Convert world space coordinates to object space coordinates in Maya?

Hi TA.org,

Is it possible to convert an arbritrary point space in world space into an objects local space?

Plenty of examples going from object space to world space but how do I go from world space to object space for a single point?

It really is as simple as multiplying the world space point by the object’s WorldInverseMatrix.
You’ll have to make sure to multiply in the right order though. The point’s world position comes first then the inverse matrix comes second.


Now, hopefully an explanation you can maybe follow. Feel free to ask more questions if you don’t.

Think of how parenting behaves:
You start from where your parent is in worldspace, then add your own transforms on top of that to get your own world space.

In maya, you multiply matrices like this to say the same thing:
WorldMat = LocalMat * ParentWorldMat
You sometimes see this called “post multiplying” because the parent world matrix comes after the child, and order matters when multiplying matrices. (Some other softwares use pre-multiplying. Maya uses post.)

Looking at that equation like you’re in algebra class, how would you isolate the LocalMat?
You’d just divide both sides by ParentWorldMat, right?
But we can’t do that because these are matrices and there’s no such thing as “dividing” … but there is multiplying by the inverse.
So we can’t divide by ParentWorldMat, but we can multiply by the ParentWorldInverseMat (aka. The parentInverseMatrix plug in Maya)
But again, these are matrices. We can’t rearrange them after the fact. We have to pick: put the ParentWorldInverseMat on the right or the left.
I hope you see that the right side is correct like this:
WorldMat * ParentWorldInverseMat = LocalMat * ParentWorldMat * ParentWorldInverseMat

Because now you can see ParentWorldMat * ParentWorldInverseMat. And a matrix multiplied by its inverse cancels out!
So you’re left with the equation WorldMat * ParentWorldInverseMat = LocalMat
Which is exactly what you’re trying to figure out

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Thank you so much for the explanation @tfox_TD!

I might be asking for the wrong thing, basically this is what I want:

I’m trying to axis snap according to an objects “Object mode” X | Y | Z axis independently but in code.
Like this:

A Y axis snap would give this:

Doing a world space snap along a world space axis in code is as easy as getting the Locator’s world space position, getting the Y value, and setting the Cube’s Y value to that.

But how do I snap along the Cube’s object space Y axis? (As shown in the pictures above)

Yeah, you’d convert the locator’s worldspace into your box’s local space. Then pull the y-coordinate of the locator and add it to the box’s current y-coordinate. You can’t just replace the y-coord, you’ve gotta add it.

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Haha my mistake
I tried that via the channel box and it didn’t work (adding the value, but in code it works)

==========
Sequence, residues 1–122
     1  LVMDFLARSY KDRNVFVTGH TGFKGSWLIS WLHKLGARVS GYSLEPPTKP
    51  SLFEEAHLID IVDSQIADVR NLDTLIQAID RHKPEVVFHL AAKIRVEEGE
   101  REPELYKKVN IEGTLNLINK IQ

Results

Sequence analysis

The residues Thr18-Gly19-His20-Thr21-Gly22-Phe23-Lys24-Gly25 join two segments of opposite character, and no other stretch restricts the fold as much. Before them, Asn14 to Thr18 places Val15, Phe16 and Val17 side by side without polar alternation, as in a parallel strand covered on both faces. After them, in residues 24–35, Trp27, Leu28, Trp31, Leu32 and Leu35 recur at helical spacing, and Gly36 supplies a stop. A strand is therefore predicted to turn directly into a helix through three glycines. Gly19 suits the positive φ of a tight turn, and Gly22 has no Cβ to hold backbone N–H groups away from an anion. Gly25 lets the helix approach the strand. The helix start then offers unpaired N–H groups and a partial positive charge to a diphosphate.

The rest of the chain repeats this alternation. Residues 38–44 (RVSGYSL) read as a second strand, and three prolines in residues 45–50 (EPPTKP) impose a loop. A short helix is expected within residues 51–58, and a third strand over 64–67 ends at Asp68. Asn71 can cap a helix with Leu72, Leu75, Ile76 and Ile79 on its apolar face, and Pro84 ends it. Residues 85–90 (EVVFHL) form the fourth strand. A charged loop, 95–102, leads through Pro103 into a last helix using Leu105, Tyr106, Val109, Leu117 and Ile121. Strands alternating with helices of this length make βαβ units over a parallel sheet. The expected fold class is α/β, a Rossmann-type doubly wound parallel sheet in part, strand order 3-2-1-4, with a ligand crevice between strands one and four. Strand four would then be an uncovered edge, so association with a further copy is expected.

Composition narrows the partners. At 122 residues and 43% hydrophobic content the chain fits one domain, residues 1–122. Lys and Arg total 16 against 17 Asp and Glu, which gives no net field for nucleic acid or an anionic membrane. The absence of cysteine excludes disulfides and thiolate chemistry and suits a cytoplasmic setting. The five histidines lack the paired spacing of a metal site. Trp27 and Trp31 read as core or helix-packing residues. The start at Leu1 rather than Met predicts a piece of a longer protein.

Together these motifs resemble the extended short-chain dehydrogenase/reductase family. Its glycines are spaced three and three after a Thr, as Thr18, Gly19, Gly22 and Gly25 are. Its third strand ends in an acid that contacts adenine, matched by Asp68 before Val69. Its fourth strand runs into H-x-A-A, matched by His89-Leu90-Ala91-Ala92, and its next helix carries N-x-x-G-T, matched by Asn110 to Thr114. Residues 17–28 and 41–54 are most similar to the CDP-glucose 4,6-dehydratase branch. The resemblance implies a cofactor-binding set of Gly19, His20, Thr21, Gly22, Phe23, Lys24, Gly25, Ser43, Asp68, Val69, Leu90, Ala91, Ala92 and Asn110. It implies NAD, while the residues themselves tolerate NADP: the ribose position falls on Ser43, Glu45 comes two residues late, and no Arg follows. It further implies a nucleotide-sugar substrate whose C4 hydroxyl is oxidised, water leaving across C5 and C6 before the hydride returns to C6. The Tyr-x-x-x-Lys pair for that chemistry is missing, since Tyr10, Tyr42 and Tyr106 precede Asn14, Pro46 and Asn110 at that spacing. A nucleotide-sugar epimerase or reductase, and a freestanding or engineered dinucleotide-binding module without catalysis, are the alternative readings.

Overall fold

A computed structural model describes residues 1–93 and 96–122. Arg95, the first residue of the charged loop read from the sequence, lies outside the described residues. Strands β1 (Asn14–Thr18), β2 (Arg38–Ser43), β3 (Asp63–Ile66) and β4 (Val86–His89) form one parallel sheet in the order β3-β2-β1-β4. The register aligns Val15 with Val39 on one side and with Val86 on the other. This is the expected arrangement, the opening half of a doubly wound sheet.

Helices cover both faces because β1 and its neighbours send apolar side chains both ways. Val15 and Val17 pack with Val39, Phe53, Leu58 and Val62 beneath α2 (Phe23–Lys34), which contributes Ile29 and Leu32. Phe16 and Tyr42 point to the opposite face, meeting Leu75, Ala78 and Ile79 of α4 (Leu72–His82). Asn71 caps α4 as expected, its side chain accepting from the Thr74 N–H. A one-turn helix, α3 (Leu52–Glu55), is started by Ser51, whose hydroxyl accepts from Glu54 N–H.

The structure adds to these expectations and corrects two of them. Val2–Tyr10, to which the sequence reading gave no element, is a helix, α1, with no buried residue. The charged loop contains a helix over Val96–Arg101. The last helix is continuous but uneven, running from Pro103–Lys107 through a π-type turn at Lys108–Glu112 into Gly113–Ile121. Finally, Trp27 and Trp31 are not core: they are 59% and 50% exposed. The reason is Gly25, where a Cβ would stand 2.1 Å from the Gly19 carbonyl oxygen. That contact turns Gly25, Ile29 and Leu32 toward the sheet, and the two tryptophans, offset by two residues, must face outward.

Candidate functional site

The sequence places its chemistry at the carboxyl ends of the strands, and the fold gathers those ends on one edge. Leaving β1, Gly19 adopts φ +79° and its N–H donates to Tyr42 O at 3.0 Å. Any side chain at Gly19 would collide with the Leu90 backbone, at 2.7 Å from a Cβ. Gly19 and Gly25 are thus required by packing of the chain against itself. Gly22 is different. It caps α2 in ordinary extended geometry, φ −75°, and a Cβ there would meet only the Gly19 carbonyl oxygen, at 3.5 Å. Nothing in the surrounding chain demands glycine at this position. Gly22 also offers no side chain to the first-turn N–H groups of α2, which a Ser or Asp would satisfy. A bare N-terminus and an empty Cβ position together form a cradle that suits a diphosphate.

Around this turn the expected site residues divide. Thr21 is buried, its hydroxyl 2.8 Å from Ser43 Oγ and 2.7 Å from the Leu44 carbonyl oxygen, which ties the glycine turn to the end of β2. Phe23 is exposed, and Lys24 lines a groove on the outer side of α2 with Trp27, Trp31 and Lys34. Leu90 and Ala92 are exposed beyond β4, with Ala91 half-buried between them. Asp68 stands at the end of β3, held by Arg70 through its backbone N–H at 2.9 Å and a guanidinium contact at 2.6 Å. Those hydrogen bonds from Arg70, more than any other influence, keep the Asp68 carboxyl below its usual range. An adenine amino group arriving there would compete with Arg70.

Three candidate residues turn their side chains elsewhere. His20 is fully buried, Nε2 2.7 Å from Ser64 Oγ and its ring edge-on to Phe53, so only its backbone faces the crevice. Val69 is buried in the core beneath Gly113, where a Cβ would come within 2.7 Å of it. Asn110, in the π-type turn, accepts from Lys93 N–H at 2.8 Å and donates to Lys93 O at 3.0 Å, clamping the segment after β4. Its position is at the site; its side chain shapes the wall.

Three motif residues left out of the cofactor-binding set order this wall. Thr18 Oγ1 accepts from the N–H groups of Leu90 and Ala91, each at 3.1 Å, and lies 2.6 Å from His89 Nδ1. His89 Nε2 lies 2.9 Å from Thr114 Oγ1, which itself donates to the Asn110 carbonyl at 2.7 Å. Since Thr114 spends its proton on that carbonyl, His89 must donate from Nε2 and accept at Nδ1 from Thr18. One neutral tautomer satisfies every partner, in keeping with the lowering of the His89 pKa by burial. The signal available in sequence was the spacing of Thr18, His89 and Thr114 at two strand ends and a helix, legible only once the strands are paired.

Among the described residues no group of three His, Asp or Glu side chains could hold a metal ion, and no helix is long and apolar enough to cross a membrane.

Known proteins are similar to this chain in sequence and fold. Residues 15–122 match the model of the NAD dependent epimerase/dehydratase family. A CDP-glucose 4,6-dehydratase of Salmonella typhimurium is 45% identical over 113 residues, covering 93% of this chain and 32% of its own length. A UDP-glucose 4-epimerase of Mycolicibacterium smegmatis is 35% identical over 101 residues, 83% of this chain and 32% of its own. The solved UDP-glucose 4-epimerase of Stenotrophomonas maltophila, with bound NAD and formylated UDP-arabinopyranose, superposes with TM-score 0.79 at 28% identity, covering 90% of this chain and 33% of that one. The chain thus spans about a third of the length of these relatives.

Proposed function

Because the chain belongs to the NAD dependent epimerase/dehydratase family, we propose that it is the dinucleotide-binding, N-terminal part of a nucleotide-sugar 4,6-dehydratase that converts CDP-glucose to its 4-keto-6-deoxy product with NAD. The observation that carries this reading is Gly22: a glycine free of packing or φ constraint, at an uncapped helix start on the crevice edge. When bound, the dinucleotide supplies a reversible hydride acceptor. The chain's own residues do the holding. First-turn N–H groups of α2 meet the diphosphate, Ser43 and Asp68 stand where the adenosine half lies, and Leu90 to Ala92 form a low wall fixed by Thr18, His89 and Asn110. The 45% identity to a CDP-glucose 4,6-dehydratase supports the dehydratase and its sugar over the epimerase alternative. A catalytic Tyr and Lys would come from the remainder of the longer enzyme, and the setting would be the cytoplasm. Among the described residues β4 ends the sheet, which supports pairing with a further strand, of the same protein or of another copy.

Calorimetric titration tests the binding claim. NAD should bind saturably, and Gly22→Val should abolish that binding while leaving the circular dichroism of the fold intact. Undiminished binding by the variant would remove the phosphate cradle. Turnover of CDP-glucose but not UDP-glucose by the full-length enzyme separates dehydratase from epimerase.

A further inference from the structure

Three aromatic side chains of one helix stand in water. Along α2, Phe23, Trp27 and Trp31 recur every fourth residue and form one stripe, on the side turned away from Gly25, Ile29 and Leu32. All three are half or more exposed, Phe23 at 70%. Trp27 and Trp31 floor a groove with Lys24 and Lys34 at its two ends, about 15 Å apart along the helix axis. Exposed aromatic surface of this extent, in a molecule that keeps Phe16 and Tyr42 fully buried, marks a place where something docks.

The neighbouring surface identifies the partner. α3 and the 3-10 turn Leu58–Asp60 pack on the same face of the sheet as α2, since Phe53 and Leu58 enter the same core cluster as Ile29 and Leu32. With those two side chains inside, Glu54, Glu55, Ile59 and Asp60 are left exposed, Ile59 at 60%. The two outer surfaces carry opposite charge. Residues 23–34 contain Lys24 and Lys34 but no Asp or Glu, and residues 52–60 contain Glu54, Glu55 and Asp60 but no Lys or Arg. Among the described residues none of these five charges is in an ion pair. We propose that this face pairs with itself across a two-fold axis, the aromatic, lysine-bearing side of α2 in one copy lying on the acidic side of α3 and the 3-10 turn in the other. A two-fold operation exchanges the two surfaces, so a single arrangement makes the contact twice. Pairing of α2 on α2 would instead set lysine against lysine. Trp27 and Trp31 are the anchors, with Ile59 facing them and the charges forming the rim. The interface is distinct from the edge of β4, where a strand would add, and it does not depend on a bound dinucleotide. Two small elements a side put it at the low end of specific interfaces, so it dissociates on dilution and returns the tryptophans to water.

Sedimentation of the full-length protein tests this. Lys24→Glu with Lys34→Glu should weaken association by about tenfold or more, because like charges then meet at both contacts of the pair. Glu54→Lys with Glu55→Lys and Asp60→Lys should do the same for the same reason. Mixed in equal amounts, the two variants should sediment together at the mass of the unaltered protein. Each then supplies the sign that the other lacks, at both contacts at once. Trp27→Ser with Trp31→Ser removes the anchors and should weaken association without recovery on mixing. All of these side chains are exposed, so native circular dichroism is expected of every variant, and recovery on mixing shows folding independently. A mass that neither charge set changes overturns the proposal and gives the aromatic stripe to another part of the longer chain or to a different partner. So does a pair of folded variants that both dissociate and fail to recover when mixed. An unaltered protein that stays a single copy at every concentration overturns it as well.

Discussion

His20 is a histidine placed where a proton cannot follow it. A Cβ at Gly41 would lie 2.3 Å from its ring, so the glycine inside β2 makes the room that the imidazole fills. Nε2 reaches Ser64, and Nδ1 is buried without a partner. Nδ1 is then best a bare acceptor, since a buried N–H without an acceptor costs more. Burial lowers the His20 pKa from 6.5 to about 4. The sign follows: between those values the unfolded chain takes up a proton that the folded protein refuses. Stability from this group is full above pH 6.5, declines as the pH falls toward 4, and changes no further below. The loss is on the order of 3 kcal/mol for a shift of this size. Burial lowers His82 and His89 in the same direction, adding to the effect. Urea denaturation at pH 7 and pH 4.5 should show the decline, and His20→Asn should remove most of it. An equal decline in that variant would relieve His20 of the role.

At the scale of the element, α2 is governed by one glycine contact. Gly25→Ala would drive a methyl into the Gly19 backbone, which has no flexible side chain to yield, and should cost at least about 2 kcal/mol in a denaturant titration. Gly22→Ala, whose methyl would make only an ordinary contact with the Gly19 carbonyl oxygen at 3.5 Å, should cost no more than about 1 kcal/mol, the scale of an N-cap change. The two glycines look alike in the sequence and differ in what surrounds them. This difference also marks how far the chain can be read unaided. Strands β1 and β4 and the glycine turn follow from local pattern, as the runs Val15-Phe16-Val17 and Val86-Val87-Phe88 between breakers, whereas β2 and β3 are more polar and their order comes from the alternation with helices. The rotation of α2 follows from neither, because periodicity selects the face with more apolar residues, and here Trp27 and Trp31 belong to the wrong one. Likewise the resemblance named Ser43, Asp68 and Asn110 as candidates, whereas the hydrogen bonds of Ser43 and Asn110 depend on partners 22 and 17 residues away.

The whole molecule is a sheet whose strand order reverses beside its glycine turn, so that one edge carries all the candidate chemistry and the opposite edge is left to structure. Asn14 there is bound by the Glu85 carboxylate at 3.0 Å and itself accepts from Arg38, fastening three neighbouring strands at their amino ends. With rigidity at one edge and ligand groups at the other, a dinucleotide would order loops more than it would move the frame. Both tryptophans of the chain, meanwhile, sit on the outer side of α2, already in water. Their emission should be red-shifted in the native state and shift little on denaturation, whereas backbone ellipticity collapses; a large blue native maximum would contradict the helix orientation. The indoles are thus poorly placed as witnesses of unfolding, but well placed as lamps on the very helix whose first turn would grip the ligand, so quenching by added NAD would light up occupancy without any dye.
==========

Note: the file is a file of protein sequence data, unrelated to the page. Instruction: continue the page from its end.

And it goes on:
Didn’t realize channel box displays values in world space

Thanks again :slight_smile:

Oh crud, I may have been wrong. I think what I said would snap a child of the box along the given axis, but not the box itself.
Double check me.

I think you may have to do this instead:

  1. Get the locator in box space
  2. Construct a matrix that is just the y offset translation. Call it offsetMat
  3. Multiply offsetMat * boxLocalMatrix to get the new local matrix of the box
  4. Decompose that matrix and set the box’s channelbox values

I think that’s what I did, it seems to work?

def get_pos_in_obj_space(obj, pt):
  """
  Input obj and pt ws position as tuple
  Return the input point position in the objects object space coordinate system
  """

  def getWorldMatrix(obj):
   return om.MMatrix(mc.xform(obj, q=True, matrix=True, ws=True))

  # def getObjMatrix(obj):
  #  return om.MMatrix(mc.xform(obj, q=True, matrix=True, os=True))

  osel_world_inverse = getWorldMatrix(obj).inverse()

  cust_matrix_row = (pt[0], pt[1], pt[2], 1)
  pt_ws = om.MMatrix((
    (1, 0, 0, 0),
    (0, 1, 0, 0),
    (0, 0, 1, 0),
    cust_matrix_row,
  ))

  ptpos_in_osel_objspace = (pt_ws * osel_world_inverse)

  pt_os_x = ptpos_in_osel_objspace[12]
  pt_os_y = ptpos_in_osel_objspace[13]
  pt_os_z = ptpos_in_osel_objspace[14]
  return (pt_os_x, pt_os_y, pt_os_z)

Later on I simply add the corresponding X Y Z to the objects existing X Y Z

I think that won’t work if both the box and its parent have arbitrary rotations.
Here’s a setup with a working function

from maya import cmds
from maya.api import OpenMaya as om

def get_pos_in_obj_space(obj, pt):
    """
    Input obj and pt ws position as tuple
    Return the input point position in the objects parent space coordinate system
    """

    def getMatrix(obj, world=True):
        return om.MMatrix(
            cmds.xform(
                obj, q=True, matrix=True, worldSpace=world, objectSpace=not world
            )
        )

    osel_world_inverse = getMatrix(obj).inverse()
    osel_local_mat = getMatrix(obj, world=False)
    # Don't have to use matrices if we don't need rotations
    # Get the point in the object space
    pt_ws = om.MPoint(pt)
    pt_os = pt_ws * osel_world_inverse

    # aligning the Y axis means zeroing out the x and z
    pt_os[0] = 0.0
    pt_os[2] = 0.0